I was in New York yesterday, and like every other out-of-towner, I had to stop by the Christmas tree at Rockefeller Center, left. Even on a murky grey day, seeing a magnificent tree like this in the middle of midtown Manhattan really is a holiday wonder. Of course, this being New York (and Fifth Avenue), the tree is meant to impress: seven stories high, decorated with hundreds of lights and ornaments, and crowned with a 550-pound Swarovski crystal star valued at $1.5 million.
But it wasn't always so flamboyant. The first holiday tree on the spot was considerably more modest. In 1931, construction workers put up a 20-ft. tree on their work site and decorated it with improvised garlands and decorations. From these humble beginnings rose not only the grand Christmas tree of today, but also the landmark buildings of Rockefeller Center. Click here for a slide show featuring historic images and facts about the Rockefeller Center Christmas Tree. Above: Christmas Tree at Rockefeller Center, December 10, 2012, by Susan Holloway Scott.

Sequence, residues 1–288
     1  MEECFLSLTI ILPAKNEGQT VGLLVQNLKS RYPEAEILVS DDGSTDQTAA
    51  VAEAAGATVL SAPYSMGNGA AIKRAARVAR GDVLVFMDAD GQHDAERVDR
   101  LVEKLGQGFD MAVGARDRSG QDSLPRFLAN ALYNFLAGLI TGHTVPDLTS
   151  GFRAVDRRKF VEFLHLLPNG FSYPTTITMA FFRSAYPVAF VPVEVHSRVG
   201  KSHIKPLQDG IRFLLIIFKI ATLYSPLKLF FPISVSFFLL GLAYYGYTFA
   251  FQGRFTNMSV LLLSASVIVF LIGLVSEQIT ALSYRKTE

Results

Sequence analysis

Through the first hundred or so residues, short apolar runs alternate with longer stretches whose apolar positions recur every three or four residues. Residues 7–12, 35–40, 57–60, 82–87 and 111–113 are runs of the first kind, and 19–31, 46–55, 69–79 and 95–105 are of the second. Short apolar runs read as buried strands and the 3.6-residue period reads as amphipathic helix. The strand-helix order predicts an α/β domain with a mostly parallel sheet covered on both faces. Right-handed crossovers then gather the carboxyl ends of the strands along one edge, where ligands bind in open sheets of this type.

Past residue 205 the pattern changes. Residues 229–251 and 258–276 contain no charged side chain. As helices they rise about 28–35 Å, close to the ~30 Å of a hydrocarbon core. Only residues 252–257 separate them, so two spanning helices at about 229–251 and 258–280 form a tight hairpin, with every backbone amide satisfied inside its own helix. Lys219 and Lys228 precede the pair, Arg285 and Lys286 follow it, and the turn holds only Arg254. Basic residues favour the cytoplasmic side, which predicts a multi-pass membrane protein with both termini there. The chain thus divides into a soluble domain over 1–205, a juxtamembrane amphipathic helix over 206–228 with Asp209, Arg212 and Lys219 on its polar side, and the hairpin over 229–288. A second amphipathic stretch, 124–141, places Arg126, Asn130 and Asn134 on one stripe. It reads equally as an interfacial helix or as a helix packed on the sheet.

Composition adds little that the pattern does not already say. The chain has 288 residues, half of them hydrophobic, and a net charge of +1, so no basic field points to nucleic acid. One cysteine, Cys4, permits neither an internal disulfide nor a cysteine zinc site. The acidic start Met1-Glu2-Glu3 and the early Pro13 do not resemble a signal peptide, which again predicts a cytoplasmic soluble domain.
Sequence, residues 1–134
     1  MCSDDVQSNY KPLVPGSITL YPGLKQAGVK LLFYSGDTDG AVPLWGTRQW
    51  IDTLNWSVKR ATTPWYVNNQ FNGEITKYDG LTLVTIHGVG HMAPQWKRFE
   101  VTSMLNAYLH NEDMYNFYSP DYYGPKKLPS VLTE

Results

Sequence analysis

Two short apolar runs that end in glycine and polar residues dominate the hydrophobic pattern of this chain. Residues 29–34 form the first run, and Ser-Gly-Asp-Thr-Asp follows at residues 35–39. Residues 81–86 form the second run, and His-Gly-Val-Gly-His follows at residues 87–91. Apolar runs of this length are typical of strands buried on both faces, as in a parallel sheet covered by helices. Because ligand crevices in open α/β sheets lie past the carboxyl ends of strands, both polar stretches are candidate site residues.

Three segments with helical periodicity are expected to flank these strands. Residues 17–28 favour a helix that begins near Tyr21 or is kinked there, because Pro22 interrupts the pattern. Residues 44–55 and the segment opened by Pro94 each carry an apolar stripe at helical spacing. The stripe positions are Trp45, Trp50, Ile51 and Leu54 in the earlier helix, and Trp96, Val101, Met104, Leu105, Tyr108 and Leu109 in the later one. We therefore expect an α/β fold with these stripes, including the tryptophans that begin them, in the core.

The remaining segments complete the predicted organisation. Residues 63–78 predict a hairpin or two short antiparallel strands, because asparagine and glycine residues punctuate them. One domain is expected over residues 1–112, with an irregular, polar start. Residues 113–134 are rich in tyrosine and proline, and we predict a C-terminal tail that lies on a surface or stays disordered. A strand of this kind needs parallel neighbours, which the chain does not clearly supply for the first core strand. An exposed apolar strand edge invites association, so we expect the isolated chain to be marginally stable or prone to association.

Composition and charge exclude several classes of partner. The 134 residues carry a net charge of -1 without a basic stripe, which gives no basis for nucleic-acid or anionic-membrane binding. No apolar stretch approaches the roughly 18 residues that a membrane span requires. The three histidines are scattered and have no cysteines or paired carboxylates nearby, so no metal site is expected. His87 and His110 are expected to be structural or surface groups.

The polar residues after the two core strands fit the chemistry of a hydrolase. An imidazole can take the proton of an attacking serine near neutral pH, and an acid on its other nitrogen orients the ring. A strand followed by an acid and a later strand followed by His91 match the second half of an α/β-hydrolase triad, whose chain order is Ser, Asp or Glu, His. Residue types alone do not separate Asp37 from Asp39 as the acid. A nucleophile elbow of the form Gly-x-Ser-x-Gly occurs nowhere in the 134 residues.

There’s a big difference in how we use history. But we’re equally nuts about it. To us, the everyday details of life in the past are things to talk about, ponder, make fun of -- much in the way normal people talk about their favorite reality show.
We talk about who’s wearing what and who’s sleeping with whom. We try to sort out rumor or myth from fact. We thought there must be at least three other people out there who think history’s fascinating and fun, too. This blog is for them.